AMSTERDAM—The number of rejected asylum seekers leaving the Netherlands has hit record highs this year, with 2011 having already departed compared with 2,912 for the entire 12 months of 2003.
And a record 353 asylum seekers returned to their country of origin last month, newspaper NRC Handelsblad reported on Monday.
The director of the International Organisation for Migration (IOM), Albert de Dyker, said there is now a definite rising trend in the numbers of returning asylum seekers.
Angolan asylum seekers form the largest group of those voluntarily returning to their country of origin, with 216 departing from the Netherlands this year. They are followed by Serbia-Montenegro nationals (204) and Iranians (124).
Some of the asylum seekers—those who arrived before April 2001 and thus come under the old immigration law—are leaving in anticipation of the forced deportation arrangement that came into force for them from 23 June this year.
Immigration Minister Rita Verdonk plans to forcibly deport over the following three years about 26,000 asylum seekers who come under the old immigration law. About 5,000 of them have already been officially denied asylum in the Netherlands.
But those who voluntarily return to their country of origin within eight weeks of registering with the Justice Ministry will receive special funding. Since the introduction on 23 June of the forced deportation scheme, 162 asylum seekers have availed of the scheme.
That means that every asylum seeker—besides their airfare and possible compensation for the shipping of household goods—receives EUR 2,320. For a family with two children, the funding amounts to EUR 6,050.
Asylum seekers who do not come under this arrangement receive about half of that amount if they leave the Netherlands on a voluntary basis.
The Immigration and Naturalisation Service (IND) started instructing the first group of asylum seekers at the beginning of July to leave the country.
Due to the fact that the south of the Netherlands was the first region to go out on holiday this summer, the IND started by sending letters to rejected asylum seekers in the province of Limburg and Brabant instructing them to leave the country.
The foreign police, IND, municipal authorities and the central refugee authority COA—known as the local task force—have already engaged in the initial deportation talks with asylum seekers in the south of the country.
And the foreign police in the south of the country have confirmed the IOM claim that the willingness among asylum seekers to return voluntarily to their country is strengthening. This is perhaps due to the funding offered asylum seekers if they return voluntarily to their countries of origin.
Since the introduction of the new immigration law in April 2001, the number of asylum seekers entering the Netherlands has fallen significantly, much more than in other Western European nations. A total of 13,402 applied for asylum in the Netherlands last year compared with a peak of 43,560 in 2000.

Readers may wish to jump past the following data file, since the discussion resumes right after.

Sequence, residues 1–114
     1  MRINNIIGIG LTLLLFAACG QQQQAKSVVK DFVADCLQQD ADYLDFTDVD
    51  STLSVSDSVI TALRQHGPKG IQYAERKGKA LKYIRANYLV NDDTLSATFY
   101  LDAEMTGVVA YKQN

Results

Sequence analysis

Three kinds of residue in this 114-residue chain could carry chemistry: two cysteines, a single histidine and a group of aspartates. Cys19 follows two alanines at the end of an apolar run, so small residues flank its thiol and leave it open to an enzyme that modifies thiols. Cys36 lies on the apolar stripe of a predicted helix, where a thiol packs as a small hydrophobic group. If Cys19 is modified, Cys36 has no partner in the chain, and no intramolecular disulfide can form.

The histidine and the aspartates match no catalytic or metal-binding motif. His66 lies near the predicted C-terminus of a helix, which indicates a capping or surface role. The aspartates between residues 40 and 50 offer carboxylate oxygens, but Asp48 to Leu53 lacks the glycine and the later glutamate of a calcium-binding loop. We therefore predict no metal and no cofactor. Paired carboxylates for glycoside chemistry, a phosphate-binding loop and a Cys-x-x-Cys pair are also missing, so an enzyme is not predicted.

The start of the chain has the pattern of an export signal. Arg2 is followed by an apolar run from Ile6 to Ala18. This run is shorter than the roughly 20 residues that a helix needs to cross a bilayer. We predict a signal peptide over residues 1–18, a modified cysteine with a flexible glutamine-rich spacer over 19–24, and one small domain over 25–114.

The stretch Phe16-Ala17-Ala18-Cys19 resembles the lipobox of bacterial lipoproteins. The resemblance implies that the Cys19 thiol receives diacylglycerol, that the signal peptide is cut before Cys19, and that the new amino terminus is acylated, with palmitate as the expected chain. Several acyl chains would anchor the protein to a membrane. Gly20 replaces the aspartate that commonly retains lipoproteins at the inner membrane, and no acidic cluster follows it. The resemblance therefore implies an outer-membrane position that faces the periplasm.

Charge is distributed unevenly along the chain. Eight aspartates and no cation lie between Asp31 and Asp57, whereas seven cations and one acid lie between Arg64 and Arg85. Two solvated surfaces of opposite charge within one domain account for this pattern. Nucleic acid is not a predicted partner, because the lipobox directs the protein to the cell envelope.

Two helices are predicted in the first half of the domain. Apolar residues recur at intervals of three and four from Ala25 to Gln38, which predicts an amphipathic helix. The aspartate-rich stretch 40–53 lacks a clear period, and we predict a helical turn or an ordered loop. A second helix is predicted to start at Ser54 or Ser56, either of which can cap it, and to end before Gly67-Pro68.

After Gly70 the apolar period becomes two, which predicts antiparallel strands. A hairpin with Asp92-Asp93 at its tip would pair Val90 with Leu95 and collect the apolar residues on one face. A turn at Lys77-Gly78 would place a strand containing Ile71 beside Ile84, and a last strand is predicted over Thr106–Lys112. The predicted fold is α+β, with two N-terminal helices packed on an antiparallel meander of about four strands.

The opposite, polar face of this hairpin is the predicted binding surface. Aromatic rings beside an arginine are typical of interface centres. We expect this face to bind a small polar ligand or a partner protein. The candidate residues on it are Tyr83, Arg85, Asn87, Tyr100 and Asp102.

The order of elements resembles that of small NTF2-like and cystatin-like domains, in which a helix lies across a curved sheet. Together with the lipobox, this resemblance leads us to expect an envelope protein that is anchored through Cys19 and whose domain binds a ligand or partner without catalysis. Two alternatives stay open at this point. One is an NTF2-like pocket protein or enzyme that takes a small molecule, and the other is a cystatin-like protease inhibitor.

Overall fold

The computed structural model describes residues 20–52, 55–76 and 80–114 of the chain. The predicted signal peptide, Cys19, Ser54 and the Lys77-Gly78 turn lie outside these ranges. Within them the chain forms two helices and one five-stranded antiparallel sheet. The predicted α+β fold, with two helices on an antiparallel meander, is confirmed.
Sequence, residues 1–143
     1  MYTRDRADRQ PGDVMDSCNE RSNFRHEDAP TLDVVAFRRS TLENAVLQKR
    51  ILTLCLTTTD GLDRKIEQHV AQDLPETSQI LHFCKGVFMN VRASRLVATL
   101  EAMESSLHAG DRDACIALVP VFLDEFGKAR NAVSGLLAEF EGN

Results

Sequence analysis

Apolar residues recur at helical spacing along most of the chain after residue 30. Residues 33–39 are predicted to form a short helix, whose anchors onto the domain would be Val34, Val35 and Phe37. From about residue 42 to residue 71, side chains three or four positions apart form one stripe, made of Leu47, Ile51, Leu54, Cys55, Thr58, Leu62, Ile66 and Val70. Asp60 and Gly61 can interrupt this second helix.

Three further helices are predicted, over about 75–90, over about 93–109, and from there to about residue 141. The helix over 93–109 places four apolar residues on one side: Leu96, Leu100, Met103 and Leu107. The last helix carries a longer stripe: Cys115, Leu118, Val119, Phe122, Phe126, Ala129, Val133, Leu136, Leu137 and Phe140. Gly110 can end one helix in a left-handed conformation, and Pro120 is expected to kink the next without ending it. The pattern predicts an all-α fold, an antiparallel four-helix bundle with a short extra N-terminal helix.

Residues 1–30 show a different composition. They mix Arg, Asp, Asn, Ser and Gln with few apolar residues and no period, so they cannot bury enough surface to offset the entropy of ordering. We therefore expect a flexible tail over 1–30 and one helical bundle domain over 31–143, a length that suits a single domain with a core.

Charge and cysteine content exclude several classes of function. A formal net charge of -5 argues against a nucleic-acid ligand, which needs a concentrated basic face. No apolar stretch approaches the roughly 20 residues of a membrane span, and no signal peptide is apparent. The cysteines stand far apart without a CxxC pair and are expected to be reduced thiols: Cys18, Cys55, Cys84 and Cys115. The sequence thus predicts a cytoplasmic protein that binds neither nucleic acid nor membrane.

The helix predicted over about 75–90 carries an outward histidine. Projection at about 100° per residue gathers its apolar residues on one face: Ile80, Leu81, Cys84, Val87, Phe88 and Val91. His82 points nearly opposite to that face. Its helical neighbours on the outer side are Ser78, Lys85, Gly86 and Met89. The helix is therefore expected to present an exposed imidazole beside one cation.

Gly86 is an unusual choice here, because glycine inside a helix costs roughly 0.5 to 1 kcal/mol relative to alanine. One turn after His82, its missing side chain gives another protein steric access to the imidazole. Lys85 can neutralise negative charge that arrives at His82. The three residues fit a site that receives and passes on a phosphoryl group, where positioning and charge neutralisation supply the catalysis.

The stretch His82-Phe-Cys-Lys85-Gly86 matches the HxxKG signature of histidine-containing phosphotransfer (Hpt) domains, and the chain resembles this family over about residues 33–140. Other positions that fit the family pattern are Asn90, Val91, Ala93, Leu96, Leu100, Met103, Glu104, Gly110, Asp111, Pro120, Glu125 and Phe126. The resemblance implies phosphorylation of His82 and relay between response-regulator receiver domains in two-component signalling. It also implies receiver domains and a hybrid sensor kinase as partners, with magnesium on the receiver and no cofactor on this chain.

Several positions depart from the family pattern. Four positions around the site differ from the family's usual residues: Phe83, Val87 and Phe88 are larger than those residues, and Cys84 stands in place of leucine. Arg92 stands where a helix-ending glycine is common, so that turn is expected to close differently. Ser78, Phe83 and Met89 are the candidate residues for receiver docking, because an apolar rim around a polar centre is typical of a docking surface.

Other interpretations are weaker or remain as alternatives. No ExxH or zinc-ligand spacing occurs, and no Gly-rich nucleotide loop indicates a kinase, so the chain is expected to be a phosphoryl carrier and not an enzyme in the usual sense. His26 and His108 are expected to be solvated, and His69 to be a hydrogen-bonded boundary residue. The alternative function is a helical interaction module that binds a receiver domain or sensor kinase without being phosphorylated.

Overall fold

expatica.com, Aug. 10
AMSTERDAM—In the first half of this year, the number of emigrants topped the number of immigrants to the Netherlands by 13,000, the largest exodus surplus recorded since the 1950s, the Central Bureau of Statistics (CBS) said on Tuesday.
The CBS attributed the figures to a large decline in the rate of immigration and a large increase in the amount of emigrants.
It said 40,000 new immigrants were registered in the first six months of 2004, about 8,000 fewer than in the same period in 2003. The number of immigrants has steadily declined since tougher entry conditions were introduced in 2001.
Among the immigrants, 600 Polish nationals entered the Netherlands in both May and June, compared with between 100 and 200 prior to the expansion of the European Union with 10 new member states on 1 May.
The CBS said figures indicated that the number of immigrants arriving from other new EU member states is considerably less.
In the first half of 2004, about 53,000 emigrants left the Netherlands, 6,000 more than the same period last year.
More than 50 percent of them were born outside of the Netherlands and returned to their country of origin after staying several years in the Netherlands. The emigration of Turkish nationals particularly increased in the first half of this year.
There were 200,000 births last year, 2,000 fewer than 2002 and in the first half of this year, the number of births was 3,600 lower than the same period in 2003. The number of births is not expected to top 196,000 this year.
The CBS attributed the decline in the birth rate to the lower number of women aged about 30, the age that most women become mothers. Lower consumer confidence in the economy also plays a role in lower birth rates some 18 months or two years later.
The decline in the birth rate in the last quarter of 2003 followed 20 consecutive months of falling consumer confidence, the CBS said.
Meanwhile, in the record year of 2000, the Dutch population grew by 123,000, but this had fallen to just 12,000 in the first half of 2004. There are now 16.3 million people living in the Netherlands.